e. e. cummings Page 675 2007 COS – 1a 2010 COS – RL.11-12.1; RL.11-12.4; RL.11-12.10; L.11-12.5; L.11-12.6; W.11-12.4 AHSGE – R.IV.2
e.e. cummings • Cummings found guidelines in the imagist manifesto that allowed him to experiment and to break old rules. • Cummings is known for unconventinal syntax and usage – punctuation, use of parts of speech, spacing, capitalization, etc. • Like imagists, he experimented and broke old rules. • Cummings had his name legally changed to be e.e. cummings in all lower-case letters.
Literary Terms • Syntax – the way words are arranged in a sentence • Rhyme scheme – pattern of rhyme
Literary Terms • Approximate rhyme – words do not have exact chiming sounds but repeat only some sounds • Internal rhyme – rhyme inside a line of poetry
Literary Terms • Simile – comparison using like, as, than, or resembles • Synesthesia – the juxtaposition of one sensory image with another that appeals to a different sense • Paradox – a seemingly self-contradictory statement that actually reveals a truth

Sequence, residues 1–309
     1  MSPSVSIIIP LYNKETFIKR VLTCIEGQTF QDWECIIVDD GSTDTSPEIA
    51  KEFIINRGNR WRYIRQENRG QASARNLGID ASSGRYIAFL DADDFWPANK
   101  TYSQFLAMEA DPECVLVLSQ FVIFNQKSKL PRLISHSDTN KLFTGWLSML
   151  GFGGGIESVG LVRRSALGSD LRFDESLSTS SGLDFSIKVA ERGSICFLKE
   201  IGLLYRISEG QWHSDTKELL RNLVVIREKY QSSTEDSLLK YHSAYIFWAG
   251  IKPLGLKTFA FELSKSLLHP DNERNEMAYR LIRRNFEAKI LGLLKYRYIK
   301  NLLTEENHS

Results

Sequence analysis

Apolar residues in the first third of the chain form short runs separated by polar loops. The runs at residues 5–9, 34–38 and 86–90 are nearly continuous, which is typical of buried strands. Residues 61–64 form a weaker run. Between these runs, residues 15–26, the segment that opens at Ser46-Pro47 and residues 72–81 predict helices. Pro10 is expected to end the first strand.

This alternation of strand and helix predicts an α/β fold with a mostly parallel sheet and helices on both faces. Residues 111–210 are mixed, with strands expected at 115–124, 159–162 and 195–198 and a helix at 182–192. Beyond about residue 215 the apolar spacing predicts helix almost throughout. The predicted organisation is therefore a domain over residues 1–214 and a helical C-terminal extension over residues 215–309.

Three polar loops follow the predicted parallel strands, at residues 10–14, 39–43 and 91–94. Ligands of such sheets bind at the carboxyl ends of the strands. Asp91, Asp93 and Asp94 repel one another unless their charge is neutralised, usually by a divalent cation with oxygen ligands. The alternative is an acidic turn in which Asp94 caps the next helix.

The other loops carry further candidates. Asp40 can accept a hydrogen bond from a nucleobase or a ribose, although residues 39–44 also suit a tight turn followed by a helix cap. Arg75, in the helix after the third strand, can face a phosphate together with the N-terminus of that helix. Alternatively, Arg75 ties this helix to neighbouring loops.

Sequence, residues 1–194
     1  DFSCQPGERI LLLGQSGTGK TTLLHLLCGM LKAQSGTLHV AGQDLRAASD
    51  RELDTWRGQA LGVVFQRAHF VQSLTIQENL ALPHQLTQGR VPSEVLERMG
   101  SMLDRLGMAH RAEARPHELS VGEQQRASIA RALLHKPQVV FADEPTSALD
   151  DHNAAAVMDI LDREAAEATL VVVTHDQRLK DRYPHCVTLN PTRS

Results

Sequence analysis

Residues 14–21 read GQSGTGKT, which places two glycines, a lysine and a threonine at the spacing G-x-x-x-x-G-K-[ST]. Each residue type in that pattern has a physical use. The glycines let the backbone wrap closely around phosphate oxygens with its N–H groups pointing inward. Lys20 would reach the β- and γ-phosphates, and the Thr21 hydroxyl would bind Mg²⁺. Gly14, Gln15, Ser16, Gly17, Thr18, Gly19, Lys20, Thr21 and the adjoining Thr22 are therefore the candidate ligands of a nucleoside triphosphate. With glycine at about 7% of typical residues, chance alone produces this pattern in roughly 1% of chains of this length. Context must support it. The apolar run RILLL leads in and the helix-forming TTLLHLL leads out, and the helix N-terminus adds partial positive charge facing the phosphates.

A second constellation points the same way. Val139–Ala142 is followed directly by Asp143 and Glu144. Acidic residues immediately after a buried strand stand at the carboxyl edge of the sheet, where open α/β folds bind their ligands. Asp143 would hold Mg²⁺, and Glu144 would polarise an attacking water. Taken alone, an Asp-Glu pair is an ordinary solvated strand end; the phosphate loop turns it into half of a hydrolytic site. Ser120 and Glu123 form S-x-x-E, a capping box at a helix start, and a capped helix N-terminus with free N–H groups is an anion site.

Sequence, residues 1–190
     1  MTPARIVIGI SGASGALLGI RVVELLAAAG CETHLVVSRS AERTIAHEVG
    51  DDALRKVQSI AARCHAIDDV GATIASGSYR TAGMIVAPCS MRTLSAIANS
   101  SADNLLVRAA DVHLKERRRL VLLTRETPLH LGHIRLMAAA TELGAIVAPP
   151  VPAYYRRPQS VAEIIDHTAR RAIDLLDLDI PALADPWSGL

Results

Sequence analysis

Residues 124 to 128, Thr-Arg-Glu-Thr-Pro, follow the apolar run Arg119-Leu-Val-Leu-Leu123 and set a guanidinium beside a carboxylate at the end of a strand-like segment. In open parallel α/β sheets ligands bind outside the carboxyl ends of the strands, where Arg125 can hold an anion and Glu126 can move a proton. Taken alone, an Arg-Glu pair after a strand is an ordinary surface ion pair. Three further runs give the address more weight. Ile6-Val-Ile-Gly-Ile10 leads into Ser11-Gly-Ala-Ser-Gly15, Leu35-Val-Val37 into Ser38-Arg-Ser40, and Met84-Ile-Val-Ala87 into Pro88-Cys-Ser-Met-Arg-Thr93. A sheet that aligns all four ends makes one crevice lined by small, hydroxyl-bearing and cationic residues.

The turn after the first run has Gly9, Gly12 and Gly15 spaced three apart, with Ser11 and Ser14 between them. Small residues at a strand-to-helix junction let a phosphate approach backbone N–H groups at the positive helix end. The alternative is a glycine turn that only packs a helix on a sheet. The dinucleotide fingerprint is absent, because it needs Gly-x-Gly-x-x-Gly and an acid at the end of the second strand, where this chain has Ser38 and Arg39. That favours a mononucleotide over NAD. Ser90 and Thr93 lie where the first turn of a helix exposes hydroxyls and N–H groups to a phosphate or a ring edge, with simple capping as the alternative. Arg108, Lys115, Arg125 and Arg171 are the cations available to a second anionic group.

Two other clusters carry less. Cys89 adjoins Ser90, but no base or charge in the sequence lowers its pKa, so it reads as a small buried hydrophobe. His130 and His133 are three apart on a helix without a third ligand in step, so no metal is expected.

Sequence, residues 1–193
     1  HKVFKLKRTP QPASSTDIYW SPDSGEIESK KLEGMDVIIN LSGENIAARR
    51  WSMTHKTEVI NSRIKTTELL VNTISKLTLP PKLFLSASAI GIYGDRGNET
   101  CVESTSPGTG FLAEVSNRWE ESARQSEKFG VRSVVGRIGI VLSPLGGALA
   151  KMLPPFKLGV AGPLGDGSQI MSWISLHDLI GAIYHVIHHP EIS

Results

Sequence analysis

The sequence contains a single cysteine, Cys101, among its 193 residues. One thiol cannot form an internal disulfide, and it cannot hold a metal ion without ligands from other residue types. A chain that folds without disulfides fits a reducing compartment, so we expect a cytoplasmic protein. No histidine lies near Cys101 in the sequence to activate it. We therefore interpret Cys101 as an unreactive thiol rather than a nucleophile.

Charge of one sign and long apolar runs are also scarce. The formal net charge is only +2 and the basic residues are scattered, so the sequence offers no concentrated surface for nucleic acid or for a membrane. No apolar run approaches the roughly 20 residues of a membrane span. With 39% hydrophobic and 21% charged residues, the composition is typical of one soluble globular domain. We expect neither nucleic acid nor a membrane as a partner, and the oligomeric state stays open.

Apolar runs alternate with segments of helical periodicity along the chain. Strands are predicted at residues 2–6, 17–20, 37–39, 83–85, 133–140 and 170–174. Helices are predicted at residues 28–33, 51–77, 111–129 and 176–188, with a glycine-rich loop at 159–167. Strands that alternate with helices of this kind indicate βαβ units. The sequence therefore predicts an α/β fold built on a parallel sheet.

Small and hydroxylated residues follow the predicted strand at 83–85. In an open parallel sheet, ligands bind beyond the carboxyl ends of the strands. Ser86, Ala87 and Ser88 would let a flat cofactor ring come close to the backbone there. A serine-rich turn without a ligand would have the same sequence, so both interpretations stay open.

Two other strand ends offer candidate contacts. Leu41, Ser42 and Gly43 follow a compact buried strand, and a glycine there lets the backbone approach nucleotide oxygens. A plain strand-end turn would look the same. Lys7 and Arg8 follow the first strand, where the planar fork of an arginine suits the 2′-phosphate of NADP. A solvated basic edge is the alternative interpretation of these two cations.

Quickwrite • Write about a time you were at a loss for words.
“what if a much of a which of a wind” (p. 676) • Cummings is know for using verbs, adjectives, and adverbs as nouns. Find at least five examples in the poem where he uses other parts of speech as nouns. Note the word and the line number. • Find an example on internal rhyme. Note the words and the line number. • To what three kinds of destruction is Cummings referring in the poem? • Identify the rhyme scheme of the first eight lines.
“what is a much of a which of a wind” • What is the tone of the poem? • Identify one possible theme for the poem.
“somewhere i have never travelled, gladly beyond” (p. 677) • Line 2 contains an example of synesthesia. Find another example in the poem. Quote the line and identify the line number. • How is line 3 a paradox? • Find an example of a simile. Identify the line number or numbers. • Translate the last line of the poem: “not even the rain, has such small hands.”
Activity • P. 678 Writing – Images in Prose • Read the instructions in your textbook • Write a well-written descriptive paragraph. Make sure your paragraph is clearly organized either spatially (where items are located) or by order of importance.